14-Jun-2021 Source: HeliHub.com
Babcock have lost their remaining UK wind farm contract – supporting the Walney projects off the Cumbrian coast. Operating for Danish company Ørsted, previously known as Dong Energy, the British operator had purchased a new 135T3 and upgraded an older 135T2 for the work.
The five year contract started in April 2018 and was thus due to conclude in March 2023. A Babcock spokesperson confirmed to HeliHub.com this morning that the contract ended on 4th May 2021, and early termination is most unlikely to have been triggered by the helicopter operator in our view.
One aircraft was positioned back to Babcock’s base in Gloucestershire in November 2020, and operated for a few additional days in March 2021. The second was finally flown back to the same base on 4th May.
Babcock MCS Onshore operated two Airbus H135s from a dedicated heliport at Sandscale on the northern outskirts of the town of Barrow-in-Furness. Both previously carried the huge “Ørsted” name on each side, but both have been seen recently in plain red without any titles.
The Sandscale Heliport contstruction followed a planning application from Dong Energy, and is thus believed to be in their ownership.
Babcock previously flew another H135 from a dedicated heliport in the port of Lowestoft, supporting the Greater Gabbard Offshore Wind Farm – but their involvement there had concluded by July 2018 when the aircraft was sold to France.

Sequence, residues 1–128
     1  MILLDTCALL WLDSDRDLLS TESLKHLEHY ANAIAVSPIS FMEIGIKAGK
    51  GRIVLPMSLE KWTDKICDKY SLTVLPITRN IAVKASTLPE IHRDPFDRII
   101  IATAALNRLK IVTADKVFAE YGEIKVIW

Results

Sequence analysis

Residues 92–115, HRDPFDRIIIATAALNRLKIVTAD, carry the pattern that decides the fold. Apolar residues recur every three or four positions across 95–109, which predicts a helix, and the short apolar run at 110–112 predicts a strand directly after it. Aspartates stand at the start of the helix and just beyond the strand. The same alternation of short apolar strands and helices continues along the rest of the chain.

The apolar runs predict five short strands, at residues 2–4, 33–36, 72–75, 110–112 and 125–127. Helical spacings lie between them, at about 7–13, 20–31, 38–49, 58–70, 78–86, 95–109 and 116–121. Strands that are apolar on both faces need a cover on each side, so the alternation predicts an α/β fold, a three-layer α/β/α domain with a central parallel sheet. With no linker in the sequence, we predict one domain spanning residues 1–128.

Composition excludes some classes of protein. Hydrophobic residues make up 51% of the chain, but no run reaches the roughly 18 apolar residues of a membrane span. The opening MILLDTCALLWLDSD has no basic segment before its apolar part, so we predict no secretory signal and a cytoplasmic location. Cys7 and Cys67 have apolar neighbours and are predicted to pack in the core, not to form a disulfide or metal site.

Babcock also pointed out to us that the equipment fitted for wind farm work has enabled them to carry out a trial flight with the Port of Milford Haven. In a LinkedIn post they reported Harbourmaster Mike Ryan saying: “An opportunity presented itself to explore this capability and we were very pleased with how the transfer went. Having a potential additional means of transferring pilots safely, when the pilot boat is not a viable option, was a positive achievement for the Port.” There’s a video of this operation here.
Update 15 June 2021
Ørsted later provided the following statement to HeliHub.com
“We continually assess our operations performance to ensure we deliver the highest standards across our portfolio. Thanks to the excellent reliability we have seen from the Walney Extension turbines and high-quality service provided by our technicians, we have not required the use of a helicopter as much as originally envisaged. This has in turn brought down the requirement for troubleshooting and emergency maintenance, where helicopter transfer of parts and personnel can assist in delivering significant value. Therefore, we have coordinated with Babcock to pause helicopter logistics support. As with all measures on our performance journey, we will continue to review our processes and should circumstances change we may reinstate helicopter service in the future.”